• Add "new entry" in line 13 of file "file.txt": sed -n -i 'p;13a new entry' file.txt
  • Remove lines under n (e.g. 6) characters: sed -E '/^.{,6}$/d' /path/to/input/file > /path/to/output/file or gsed -E '/^.{,6}$/d' /path/to/input/file > /path/to/output/file
  • Sort Alphabetically and Remove Duplicates: sort -us -o /path/to/output/file /path/to/input/file or bash -c "LC_ALL='C' gsort -us -o /path/to/output/file /path/to/input/file"

Validate

  • Valid IPv4 Address: grep -E -o "(25[0-5]|2[0-4][0-9]|[01]?[0-9][0-9]?)\.(25[0-5]|2[0-4][0-9]|[01]?[0-9][0-9]?)\.(25[0-5]|2[0-4][0-9]|[01]?[0-9][0-9]?)\.(25[0-5]|2[0-4][0-9]|[01]?[0-9][0-9]?)"
  • Valid IPv4 CIDR Range: grep -E -o "^(([0-9]|[1-9][0-9]|1[0-9]{2}|2[0-4][0-9]|25[0-5])\.){3}([0-9]|[1-9][0-9]|1[0-9]{2}|2[0-4][0-9]|25[0-5])(\/(3[0-2]|[1-2][0-9]|[0-9]))"
  • Valid IPv6 Address: grep -E -o "^s*((([0-9A-Fa-f]{1,4}:){7}([0-9A-Fa-f]{1,4}|:))|(([0-9A-Fa-f]{1,4}:){6}(:[0-9A-Fa-f]{1,4}|((25[0-5]|2[0-4]d|1dd|[1-9]?d)(.(25[0-5]|2[0-4]d|1dd|[1-9]?d)){3})|:))|(([0-9A-Fa-f]{1,4}:){5}(((:[0-9A-Fa-f]{1,4}){1,2})|:((25[0-5]|2[0-4]d|1dd|[1-9]?d)(.(25[0-5]|2[0-4]d|1dd|[1-9]?d)){3})|:))|(([0-9A-Fa-f]{1,4}:){4}(((:[0-9A-Fa-f]{1,4}){1,3})|((:[0-9A-Fa-f]{1,4})?:((25[0-5]|2[0-4]d|1dd|[1-9]?d)(.(25[0-5]|2[0-4]d|1dd|[1-9]?d)){3}))|:))|(([0-9A-Fa-f]{1,4}:){3}(((:[0-9A-Fa-f]{1,4}){1,4})|((:[0-9A-Fa-f]{1,4}){0,2}:((25[0-5]|2[0-4]d|1dd|[1-9]?d)(.(25[0-5]|2[0-4]d|1dd|[1-9]?d)){3}))|:))|(([0-9A-Fa-f]{1,4}:){2}(((:[0-9A-Fa-f]{1,4}){1,5})|((:[0-9A-Fa-f]{1,4}){0,3}:((25[0-5]|2[0-4]d|1dd|[1-9]?d)(.(25[0-5]|2[0-4]d|1dd|[1-9]?d)){3}))|:))|(([0-9A-Fa-f]{1,4}:){1}(((:[0-9A-Fa-f]{1,4}){1,6})|((:[0-9A-Fa-f]{1,4}){0,4}:((25[0-5]|2[0-4]d|1dd|[1-9]?d)(.(25[0-5]|2[0-4]d|1dd|[1-9]?d)){3}))|:))|(:(((:[0-9A-Fa-f]{1,4}){1,7})|((:[0-9A-Fa-f]{1,4}){0,5}:((25[0-5]|2[0-4]d|1dd|[1-9]?d)(.(25[0-5]|2[0-4]d|1dd|[1-9]?d)){3}))|:)))(%.+)?s*"
  • Valid IPv4 CIDR Range: grep -E -o "^s*((([0-9A-Fa-f]{1,4}:){7}([0-9A-Fa-f]{1,4}|:))|(([0-9A-Fa-f]{1,4}:){6}(:[0-9A-Fa-f]{1,4}|((25[0-5]|2[0-4]d|1dd|[1-9]?d)(.(25[0-5]|2[0-4]d|1dd|[1-9]?d)){3})|:))|(([0-9A-Fa-f]{1,4}:){5}(((:[0-9A-Fa-f]{1,4}){1,2})|:((25[0-5]|2[0-4]d|1dd|[1-9]?d)(.(25[0-5]|2[0-4]d|1dd|[1-9]?d)){3})|:))|(([0-9A-Fa-f]{1,4}:){4}(((:[0-9A-Fa-f]{1,4}){1,3})|((:[0-9A-Fa-f]{1,4})?:((25[0-5]|2[0-4]d|1dd|[1-9]?d)(.(25[0-5]|2[0-4]d|1dd|[1-9]?d)){3}))|:))|(([0-9A-Fa-f]{1,4}:){3}(((:[0-9A-Fa-f]{1,4}){1,4})|((:[0-9A-Fa-f]{1,4}){0,2}:((25[0-5]|2[0-4]d|1dd|[1-9]?d)(.(25[0-5]|2[0-4]d|1dd|[1-9]?d)){3}))|:))|(([0-9A-Fa-f]{1,4}:){2}(((:[0-9A-Fa-f]{1,4}){1,5})|((:[0-9A-Fa-f]{1,4}){0,3}:((25[0-5]|2[0-4]d|1dd|[1-9]?d)(.(25[0-5]|2[0-4]d|1dd|[1-9]?d)){3}))|:))|(([0-9A-Fa-f]{1,4}:){1}(((:[0-9A-Fa-f]{1,4}){1,6})|((:[0-9A-Fa-f]{1,4}){0,4}:((25[0-5]|2[0-4]d|1dd|[1-9]?d)(.(25[0-5]|2[0-4]d|1dd|[1-9]?d)){3}))|:))|(:(((:[0-9A-Fa-f]{1,4}){1,7})|((:[0-9A-Fa-f]{1,4}){0,5}:((25[0-5]|2[0-4]d|1dd|[1-9]?d)(.(25[0-5]|2[0-4]d|1dd|[1-9]?d)){3}))|:)))(%.+)?s*(\/(12[0-8]|1[0-1][0-9]|[1-9][0-9]|[0-9]))"
  • Valid Hostname: grep -E -o "^(([a-zA-Z]|[a-zA-Z][a-zA-Z0-9-]*[a-zA-Z0-9])\.)*([A-Za-z]|[A-Za-z][A-Za-z0-9-]*[A-Za-z0-9])"
  • Regex Escape String: sed -E 's/([\.\\\+\*\?\[\^\]\$\(\)\{\}\=\!\<\>\|\:\-\#])/\\1/'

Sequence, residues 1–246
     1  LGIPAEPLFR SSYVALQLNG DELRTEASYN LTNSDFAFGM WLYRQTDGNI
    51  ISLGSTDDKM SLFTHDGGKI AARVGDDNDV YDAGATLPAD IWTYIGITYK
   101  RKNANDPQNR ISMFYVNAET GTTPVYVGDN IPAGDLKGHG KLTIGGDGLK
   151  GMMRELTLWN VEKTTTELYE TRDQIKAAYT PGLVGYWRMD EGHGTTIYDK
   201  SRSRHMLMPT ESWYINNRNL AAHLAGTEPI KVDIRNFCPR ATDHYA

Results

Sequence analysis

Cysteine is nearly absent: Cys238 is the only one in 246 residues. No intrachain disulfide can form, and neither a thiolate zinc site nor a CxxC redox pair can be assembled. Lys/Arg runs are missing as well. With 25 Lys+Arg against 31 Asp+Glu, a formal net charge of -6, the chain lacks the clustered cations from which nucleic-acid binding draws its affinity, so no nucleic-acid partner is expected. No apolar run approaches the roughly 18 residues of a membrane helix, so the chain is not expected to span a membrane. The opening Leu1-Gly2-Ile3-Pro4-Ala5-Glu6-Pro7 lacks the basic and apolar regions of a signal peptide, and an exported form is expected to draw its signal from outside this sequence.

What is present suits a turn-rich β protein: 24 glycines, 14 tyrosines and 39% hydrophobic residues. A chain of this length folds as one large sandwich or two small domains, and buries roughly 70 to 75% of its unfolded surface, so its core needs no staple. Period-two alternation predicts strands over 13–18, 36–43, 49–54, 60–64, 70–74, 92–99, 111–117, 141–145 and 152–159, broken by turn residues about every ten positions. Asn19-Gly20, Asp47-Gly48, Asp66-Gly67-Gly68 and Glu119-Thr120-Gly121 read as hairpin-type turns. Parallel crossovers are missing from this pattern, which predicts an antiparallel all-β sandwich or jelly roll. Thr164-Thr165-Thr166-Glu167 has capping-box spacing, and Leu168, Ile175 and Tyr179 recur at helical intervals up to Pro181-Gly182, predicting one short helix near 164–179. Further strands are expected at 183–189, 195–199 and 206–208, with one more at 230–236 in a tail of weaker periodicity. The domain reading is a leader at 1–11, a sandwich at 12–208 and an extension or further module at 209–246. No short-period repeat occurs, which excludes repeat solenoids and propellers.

Network Stuff

  • Find Device in Monitoring Mode: iwconfig 2>/dev/null | grep "Mode\\:Monitor" | awk '{print $1}'
  • Find Access Point: iwconfig 2>&1 | sed -n -e 's/^.\*Access Point: //p'
  • Linux IPv6 search devices in local network: ping6 -c 2 -I en0 -w ff02::1
  • Show Linux network ports with process ID’s (PIDs): netstat -tulpn
  • Watch TCP, UDP open ports in real time with socket summary: watch ss -stplu
  • Show established connections: lsof -i
  • Change MAC address: macchanger -m MACADDR INTR
  • Change MAC address using ifconfig: ifconfig eth0 hw ether MACADDR
  • Get hostname for IP addressnbtstat -A x.x.x.x
  • Block access to e.g. "google.com" from the host machinetcpkill -9 host google.com
  • Enable IP forwarding: echo "1" > /proc/sys/net/ipv4/ip_forward
  • Change DNS to 1.1.1.1: echo "1.1.1.1" > /etc/resolv.conf
  • Nmap scan every interface that is assigned an IP: ifconfig -a | grep -Po '\b(?!255)(?:\d{1,3}\.){3}(?!255)\d{1,3}\b' | xargs nmap -A -p0-
  • Extract your external IP address using dig: dig +short myip.opendns.com @resolver1.opendns.com

DNS

Simple DNS performance check:

TIMEFORMAT=%R && (time dig @8.8.8.8 0xfab1.net) 2>&1 > /dev/null

Simple DNS performance check with loop through DNS list "dns.txt"

for dns in `cat dns.txt`; do echo -n $dns: && TIMEFORMAT=%R && (time dig @$dns 0xfab1.net) 2>&1 > /dev/null; done

dns.txt could look like this:

``` txt title="dns.txt" 1.1.1.1 8.8.8.8 9.9.9.9


Loop through DNS list and check website 10x

``` sh
TIMEFORMAT=%R && for dns in `cat dns.txt`; do (for i in {1..10}; do (echo -n $dns: && (time dig @$dns 0xfab1.net) 2>&1 > /dev/null); done); done

Fun Stuff

Entertaining nonsense:

  • Loop Train: for i in {1..10}; do sl; done

Alternatives for tree command:

-ls -R | grep ":$" | sed -e 's/:$//' -e 's/[^-][^\/]*\//──/g' -e 's/─/├/' -e '$s/├/└/' -find . -not -path '*/\.*' | python -c "import sys as s;s.a=[];[setattr(s,'a',list(filter(lambda p: c.startswith(p+'/'),s.a)))or (s.stdout.write(' '*len(s.a)+c[len(s.a[-1])+1 if s.a else 0:])or True) and s.a.append(c[:-1]) for c in s.stdin]"

If you don't have tree maybe create an as such: alias tree='command from above here'

Display all terminal colors

for x in {0..8}; do 
    for i in {30..37}; do 
        for a in {40..47}; do 
            echo -ne "\e[$x;$i;$a""m\\\e[$x;$i;$a""m\e[0;37;40m "
        done
        echo
    done
done
echo ""

Langton's ant simulation

echo -ne "\033#8";X=`tput cols`;Y=`tput lines`;((a=$X/2));((b=$Y/2));d=1;while case $d in 0)((a=a<2?X:a-1));;1)((b=b<2?Y:b-1));;2)((a=a==X?1:a+1));;3)((b=b==Y?1:b+1));; esac;do ((c=b+a*X));v=${k[c]:- };[ $v. = @. ]&&{((d=d>2?0:d+1));k[c]="";}||{(( d=d<1?3:d-1));k[c]=@;};echo -ne "\033[$b;${a}H$v";done

Other Stuff

  • Reboot: init 6
  • Compile C code: gcc -o output.c input.c
  • Compile 32 bit binary on 64 bit Linux: gcc -m32 -o output.c input.c
  • Disable bash history logging: unset HISTORYFILE
  • Connect to RDP server from Linux.rdesktop X.X.X.X
  • Kill current session: kill -9 $$
  • Clear bash history: cat /dev/null > ~/.bash_history
  • one-time table: for i in {1..12}; do for j in $(seq 1 $i); do echo -ne $i×$j=$((i*j))\\t;done; echo;done